The district court dismissed the lawsuits with prejudice , and the claimants appealed to the United States Court of Appeals for the Seventh Circuit. On December 13, , that court, in an opinion written by Judge Richard Posner , modified the district court's judgment to be a dismissal without prejudice, affirmed the majority of the district court's judgment, and reversed the portion of the district court's judgment dismissing the plaintiffs' consumer protection claims, remanding the case for further proceedings consistent with its opinion.
If one or more of the defendants violated a state law by transporting slaves in , and the plaintiffs can establish standing to sue, prove the violation despite its antiquity, establish that the law was intended to provide a remedy either directly or by providing the basis for a common law action for conspiracy, conversion, or restitution to lawfully enslaved persons or their descendants, identify their ancestors, quantify damages incurred, and persuade the court to toll the statute of limitations, there would be no further obstacle to the grant of relief.
In October , California passed the Slavery Era Disclosure Law requiring insurance companies doing business there to report on their role in slavery. The disclosure legislation, introduced by Senator Tom Hayden , is the prototype for similar laws passed in 12 states around the United States.
It quotes Dennis C. Hayes, CEO of the NAACP, as saying, "Absolutely, we will be pursuing reparations from companies that have historical ties to slavery and engaging all parties to come to the table. In December , a boycott was called by a coalition of reparations groups under the sponsorship of the Restitution Study Group.
The boycott targets the student loan products of banks deemed complicit in slavery—particularly those identified in the Farmer-Paellmann litigation. As part of the boycott, students are asked to choose from other banks to finance their student loans. Pro-reparations groups such as The National Coalition of Blacks for Reparations in America advocate for compensation to be in the form of community rehabilitation and not payments to individual descendants. In the American Humanist Association published an article which argued that if emancipated slaves had been allowed to possess and retain the profits of their labor, their descendants might now control a much larger share of American social and monetary wealth.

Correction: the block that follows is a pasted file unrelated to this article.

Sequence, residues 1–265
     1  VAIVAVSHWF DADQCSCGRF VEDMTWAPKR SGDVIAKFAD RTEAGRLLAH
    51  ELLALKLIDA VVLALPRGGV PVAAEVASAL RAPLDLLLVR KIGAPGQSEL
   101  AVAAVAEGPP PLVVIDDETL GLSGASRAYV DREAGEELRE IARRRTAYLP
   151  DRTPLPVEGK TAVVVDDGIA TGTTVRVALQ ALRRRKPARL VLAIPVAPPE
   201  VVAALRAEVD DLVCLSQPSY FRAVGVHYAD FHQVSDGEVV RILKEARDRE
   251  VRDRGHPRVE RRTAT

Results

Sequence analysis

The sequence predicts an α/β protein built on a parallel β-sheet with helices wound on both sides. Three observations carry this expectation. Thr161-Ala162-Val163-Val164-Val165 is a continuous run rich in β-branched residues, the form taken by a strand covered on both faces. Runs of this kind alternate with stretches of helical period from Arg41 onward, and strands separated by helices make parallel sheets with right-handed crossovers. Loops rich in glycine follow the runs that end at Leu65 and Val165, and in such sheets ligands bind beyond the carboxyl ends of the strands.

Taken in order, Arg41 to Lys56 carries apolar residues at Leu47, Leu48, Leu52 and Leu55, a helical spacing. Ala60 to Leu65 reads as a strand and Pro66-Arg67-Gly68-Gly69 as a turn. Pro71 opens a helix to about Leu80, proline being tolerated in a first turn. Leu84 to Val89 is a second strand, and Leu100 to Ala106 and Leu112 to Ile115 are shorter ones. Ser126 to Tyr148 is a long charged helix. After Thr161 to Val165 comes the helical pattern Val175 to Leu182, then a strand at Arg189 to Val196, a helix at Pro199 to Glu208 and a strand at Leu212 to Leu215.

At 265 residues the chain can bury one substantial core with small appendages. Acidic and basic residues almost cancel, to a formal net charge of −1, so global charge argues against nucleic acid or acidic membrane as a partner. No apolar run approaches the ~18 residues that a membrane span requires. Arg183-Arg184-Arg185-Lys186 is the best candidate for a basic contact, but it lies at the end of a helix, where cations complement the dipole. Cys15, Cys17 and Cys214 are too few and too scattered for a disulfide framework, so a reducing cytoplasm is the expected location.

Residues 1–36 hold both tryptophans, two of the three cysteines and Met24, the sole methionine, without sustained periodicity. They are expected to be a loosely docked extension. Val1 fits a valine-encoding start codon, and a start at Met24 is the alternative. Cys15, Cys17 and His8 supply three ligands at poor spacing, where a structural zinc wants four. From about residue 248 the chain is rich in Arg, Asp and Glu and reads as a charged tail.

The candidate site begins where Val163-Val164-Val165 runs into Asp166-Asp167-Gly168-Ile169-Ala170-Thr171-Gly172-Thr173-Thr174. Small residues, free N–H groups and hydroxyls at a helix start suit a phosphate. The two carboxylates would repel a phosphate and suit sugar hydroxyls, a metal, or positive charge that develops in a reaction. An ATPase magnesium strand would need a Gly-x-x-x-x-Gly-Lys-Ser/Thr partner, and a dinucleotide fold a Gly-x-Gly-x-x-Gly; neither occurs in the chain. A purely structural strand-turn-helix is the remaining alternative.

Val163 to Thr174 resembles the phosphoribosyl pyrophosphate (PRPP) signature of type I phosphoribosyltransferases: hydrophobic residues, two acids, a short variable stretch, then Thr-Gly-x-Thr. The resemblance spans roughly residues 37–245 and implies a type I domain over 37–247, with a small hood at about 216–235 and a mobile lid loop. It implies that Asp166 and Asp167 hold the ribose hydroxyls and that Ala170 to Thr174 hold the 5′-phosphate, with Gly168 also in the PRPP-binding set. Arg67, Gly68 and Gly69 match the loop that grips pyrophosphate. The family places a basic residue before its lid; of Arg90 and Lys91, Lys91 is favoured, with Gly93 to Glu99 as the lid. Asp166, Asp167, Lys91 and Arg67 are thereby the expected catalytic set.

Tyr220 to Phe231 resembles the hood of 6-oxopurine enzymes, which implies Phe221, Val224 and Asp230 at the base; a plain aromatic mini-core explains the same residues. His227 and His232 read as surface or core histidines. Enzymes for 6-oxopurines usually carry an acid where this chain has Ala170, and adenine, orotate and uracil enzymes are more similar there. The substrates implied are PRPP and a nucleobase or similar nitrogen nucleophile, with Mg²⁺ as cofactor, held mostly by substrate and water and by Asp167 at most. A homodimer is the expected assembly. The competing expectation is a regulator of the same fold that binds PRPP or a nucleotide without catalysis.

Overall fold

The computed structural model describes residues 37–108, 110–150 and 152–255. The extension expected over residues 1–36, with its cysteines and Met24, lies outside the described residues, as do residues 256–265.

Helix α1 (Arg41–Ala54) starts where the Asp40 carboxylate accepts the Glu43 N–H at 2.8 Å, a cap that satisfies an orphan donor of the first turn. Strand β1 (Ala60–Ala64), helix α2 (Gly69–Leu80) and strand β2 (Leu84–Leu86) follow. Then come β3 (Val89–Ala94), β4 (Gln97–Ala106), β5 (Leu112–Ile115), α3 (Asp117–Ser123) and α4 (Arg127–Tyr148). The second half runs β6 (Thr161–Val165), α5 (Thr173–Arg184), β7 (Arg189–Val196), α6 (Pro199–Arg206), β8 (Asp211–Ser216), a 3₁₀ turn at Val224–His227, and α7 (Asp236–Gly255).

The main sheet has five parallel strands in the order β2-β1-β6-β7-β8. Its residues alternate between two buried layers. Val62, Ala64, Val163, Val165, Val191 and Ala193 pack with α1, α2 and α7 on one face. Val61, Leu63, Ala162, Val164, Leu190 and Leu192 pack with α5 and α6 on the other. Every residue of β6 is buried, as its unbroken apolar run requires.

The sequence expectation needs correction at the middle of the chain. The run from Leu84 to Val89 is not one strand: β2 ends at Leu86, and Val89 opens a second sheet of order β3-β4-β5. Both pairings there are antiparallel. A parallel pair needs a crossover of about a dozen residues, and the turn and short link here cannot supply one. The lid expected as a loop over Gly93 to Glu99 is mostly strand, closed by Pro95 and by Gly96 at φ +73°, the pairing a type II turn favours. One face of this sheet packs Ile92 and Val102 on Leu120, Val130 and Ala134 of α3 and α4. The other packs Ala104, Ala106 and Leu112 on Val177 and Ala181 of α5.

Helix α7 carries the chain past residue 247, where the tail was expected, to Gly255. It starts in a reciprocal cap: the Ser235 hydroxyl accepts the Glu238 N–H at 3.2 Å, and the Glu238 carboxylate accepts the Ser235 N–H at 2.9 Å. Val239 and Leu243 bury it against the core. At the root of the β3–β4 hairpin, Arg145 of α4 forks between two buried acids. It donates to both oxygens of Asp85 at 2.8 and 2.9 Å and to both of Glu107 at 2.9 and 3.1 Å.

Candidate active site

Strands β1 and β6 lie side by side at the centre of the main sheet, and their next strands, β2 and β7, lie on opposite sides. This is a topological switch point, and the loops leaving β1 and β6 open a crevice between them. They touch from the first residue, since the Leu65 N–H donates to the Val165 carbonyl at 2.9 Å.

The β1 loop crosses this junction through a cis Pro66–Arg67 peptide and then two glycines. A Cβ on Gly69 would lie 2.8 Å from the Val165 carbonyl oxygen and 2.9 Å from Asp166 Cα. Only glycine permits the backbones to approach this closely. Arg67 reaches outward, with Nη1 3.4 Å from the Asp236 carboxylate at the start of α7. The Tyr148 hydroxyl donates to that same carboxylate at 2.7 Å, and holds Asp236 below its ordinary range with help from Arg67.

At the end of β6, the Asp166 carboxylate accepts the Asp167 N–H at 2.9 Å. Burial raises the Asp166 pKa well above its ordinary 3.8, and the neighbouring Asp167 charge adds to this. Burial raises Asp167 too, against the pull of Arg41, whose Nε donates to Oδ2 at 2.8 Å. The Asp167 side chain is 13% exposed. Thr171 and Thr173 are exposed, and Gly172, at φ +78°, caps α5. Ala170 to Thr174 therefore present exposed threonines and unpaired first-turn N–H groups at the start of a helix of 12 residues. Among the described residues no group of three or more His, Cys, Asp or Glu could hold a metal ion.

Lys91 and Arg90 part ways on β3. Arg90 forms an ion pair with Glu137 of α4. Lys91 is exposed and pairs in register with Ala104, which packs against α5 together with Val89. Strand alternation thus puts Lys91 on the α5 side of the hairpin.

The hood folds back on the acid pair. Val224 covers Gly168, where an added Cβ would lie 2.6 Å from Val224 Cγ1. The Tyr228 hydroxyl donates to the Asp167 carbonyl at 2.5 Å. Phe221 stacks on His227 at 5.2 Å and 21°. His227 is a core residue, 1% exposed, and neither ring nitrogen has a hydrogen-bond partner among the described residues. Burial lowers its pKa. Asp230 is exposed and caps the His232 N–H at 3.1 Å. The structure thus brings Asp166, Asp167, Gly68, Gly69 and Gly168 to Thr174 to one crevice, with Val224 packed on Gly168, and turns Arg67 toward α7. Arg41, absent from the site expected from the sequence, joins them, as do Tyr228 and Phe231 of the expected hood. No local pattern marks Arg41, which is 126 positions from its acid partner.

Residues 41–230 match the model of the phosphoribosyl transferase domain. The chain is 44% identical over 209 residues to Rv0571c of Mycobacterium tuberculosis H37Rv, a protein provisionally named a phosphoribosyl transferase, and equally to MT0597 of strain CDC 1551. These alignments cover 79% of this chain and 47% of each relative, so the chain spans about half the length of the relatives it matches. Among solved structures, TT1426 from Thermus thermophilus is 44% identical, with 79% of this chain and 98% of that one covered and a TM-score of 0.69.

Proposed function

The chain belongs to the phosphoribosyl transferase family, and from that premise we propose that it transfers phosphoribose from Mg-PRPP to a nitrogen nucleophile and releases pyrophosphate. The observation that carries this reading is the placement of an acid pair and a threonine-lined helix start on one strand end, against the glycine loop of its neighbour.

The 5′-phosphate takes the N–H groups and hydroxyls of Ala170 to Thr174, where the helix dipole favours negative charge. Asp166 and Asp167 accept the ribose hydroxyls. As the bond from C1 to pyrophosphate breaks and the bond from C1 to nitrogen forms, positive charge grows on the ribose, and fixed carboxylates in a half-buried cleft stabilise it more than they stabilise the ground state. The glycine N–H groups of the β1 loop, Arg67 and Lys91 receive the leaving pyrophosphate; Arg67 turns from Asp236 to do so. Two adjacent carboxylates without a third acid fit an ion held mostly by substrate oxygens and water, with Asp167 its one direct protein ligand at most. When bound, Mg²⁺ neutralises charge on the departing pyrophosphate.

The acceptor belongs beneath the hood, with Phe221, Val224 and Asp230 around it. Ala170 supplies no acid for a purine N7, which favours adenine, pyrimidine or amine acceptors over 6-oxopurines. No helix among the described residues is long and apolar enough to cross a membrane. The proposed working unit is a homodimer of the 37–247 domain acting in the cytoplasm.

The wealth of the United States was greatly enhanced by the exploitation of African American slave labor. In , VICE magazine published an article that argued racial health disparities, from slavery through Jim Crow until today, have cost Black Americans a significant amount of money in health care expenses and lost wages, and should be paid back. Advocates have used other examples of reparations to argue that victims of institutional slavery should be similarly compensated.
In several cases the federal government has formally apologized to or compensated minority groups for past actions:. The principal argument against reparations is that their cost would not be imposed upon the perpetrators of slavery, nor confined to those who can be shown to be the specific indirect beneficiaries of slavery, but would simply be indiscriminately borne by taxpayers per se. Those making this argument often add that the descendants of white abolitionists and soldiers in the Union Army might be taxed to fund reparations despite the sacrifices their ancestors already made to end slavery.
One argument against reparations is that in assigning public lands to African-Americans for the enslavement of their ancestors, a greater and further wrong would be committed against the Southeastern Native Americans  who have ancestral claims and treaty rights to that same land.
Curto, have made important contributions to the global understanding of the African side of the Atlantic slave trade. By arguing that African merchants determined the assemblage of trade goods accepted in exchange for slaves, many historians argue for African agency: that Africans were not just enslaved by whites, because some Africans were willing participants in the slave trade.
This implies a shared responsibility. It has been argued that reparations for slavery cannot be justified on the basis that slave descendants are worse off as a result of slavery, because it has been suggested that they are better off than they would have been in Africa if the slave trade had never happened.